New York

Darren Almond

Matthew Marks Gallery | 502 W. 22nd Street

For his first solo exhibition in New York, Darren Almond parked Mean Time, 2000, a forty-foot orange commercial cargo container, customized with a giant built-in digital clock, right in the middle of the gallery, and it took up just about all of the space. It wasn’t just the sheer bulk of the time-telling fortress that suggested a literal occupation of the place; what really held one’s attention was the relentless, mechanical noise of the flipping and flapping, clicking and clacking plates of the digital clock face keeping time. The industrial sound that echoed inside the container’s metal walls, off concrete floors, and into back rooms was pure techno. Mean Time gets its name by virtue of its link to a global tracking satellite that, when the work is functioning properly, enables it to register Greenwich Mean Time to the second. Its potential to be accurate anywhere in the world makes it a smart box; and yet today it’s micro, not macro, models that point to the future. Almond’s oversize, animated object is both an amusement, presenting the march of time as an entertaining theatrical performance, and an anachronism, a perfect example of a thing that’s advanced and obsolete at once.

Photographs documenting the passage of the container-cum-clock from London to New York on board a freighter suggested a comedic aspect of Mean Time and underscored Almond’s interest in the performative and real-time dimensions to his art. Perched atop a stack of regular shipping containers (and hooked up to the ship’s power supply), the clock was fully functional, even though it was out in the middle of nowhere. The eventfulness of both its accuracy and its supposed universality mirrors our burgeoning global communication continuum, a virtual space in which there’s never a minute to spare and time is perpetually at a premium. By contrast, a suite of five “star maps,” all titled Magnified System Diagram, 2000, drawn by Almond at night as he accompanied Mean Time on the journey overseas, shuttle us from high tech to practically no tech at all and present a very different impression of time. Start with the vacation-worthy thought of drawing the Milky Way every night while at sea, and extend that to the concept of being in an absolutely elemental environment that is constantly changing but that remains visually unchanged, as it has from prehistory to the present. The sea, sky, moon, and .stars: now, as they’ve always been. Time drops out of the picture in favor of timelessness. Almond reconfigures the mundane as a romantic sublime, investing narratives of travel and adventure with emotional depth and subjective weight. He’s an ancient mariner, a space pilot, a contemporary artist—it’s preposterous and plausible all at once.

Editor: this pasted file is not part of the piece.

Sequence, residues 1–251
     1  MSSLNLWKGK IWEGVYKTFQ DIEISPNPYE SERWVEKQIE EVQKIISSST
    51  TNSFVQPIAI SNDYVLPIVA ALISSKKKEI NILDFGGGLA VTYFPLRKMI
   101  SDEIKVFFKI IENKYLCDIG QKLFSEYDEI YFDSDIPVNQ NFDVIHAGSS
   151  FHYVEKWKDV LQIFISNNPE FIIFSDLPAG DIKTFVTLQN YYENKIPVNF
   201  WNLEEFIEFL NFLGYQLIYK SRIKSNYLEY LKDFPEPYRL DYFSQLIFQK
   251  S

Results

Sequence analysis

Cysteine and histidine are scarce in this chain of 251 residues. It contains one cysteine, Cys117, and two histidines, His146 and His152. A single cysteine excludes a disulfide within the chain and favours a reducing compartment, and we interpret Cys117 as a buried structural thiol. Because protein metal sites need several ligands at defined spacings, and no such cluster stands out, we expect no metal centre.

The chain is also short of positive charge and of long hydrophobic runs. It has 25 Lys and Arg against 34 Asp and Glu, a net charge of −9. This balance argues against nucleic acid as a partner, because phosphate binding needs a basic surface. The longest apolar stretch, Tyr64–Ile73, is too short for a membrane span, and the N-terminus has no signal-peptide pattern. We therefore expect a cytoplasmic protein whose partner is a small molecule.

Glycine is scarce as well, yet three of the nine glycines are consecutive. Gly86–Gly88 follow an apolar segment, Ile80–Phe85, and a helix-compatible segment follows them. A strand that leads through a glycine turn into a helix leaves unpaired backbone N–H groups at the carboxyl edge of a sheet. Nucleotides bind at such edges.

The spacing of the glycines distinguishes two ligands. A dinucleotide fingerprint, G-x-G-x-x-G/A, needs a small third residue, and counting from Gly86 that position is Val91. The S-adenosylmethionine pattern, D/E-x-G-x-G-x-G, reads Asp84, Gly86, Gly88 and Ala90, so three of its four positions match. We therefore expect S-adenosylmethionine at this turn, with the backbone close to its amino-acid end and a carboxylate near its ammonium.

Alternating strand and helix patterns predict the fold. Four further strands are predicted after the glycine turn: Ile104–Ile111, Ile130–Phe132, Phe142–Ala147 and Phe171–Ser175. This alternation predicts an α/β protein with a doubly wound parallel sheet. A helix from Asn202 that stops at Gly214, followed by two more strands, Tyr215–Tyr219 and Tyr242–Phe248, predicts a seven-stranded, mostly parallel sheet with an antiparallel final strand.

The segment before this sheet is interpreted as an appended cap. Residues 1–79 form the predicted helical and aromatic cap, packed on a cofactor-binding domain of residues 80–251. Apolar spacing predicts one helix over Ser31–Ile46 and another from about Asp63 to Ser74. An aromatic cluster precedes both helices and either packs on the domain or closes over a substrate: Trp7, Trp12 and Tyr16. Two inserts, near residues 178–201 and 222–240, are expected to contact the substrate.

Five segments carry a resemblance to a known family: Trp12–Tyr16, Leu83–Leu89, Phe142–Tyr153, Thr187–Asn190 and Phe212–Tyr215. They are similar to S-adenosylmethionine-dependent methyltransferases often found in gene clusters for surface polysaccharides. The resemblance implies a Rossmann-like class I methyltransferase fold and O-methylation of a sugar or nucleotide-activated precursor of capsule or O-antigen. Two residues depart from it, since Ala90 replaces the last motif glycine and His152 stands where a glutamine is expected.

The exhibition’s title, “Transport Medium,” which Almond cast as an eponymous aluminum plaque, is also the name of the typeface used exclusively for all road and rail signage in Britain. (Almond, incidentally, was a veteran trainspotter as a kid.) His signage pieces have the tautological rigor and economy of vintage Conceptual art. “Abandon in Place” reads another cast-aluminum plaque. The counterpart to that imperative is found in Almond’s first train film, Schwebebahn, 1995, which he brought along and installed in a back room; it features a delirious ride on the world’s strangest train (the futuristic Sky Train in Wuppertal, Germany), which is so thoroughly upside down and inside out that you’re forced to abandon the very notion of place.

Jan Avgikos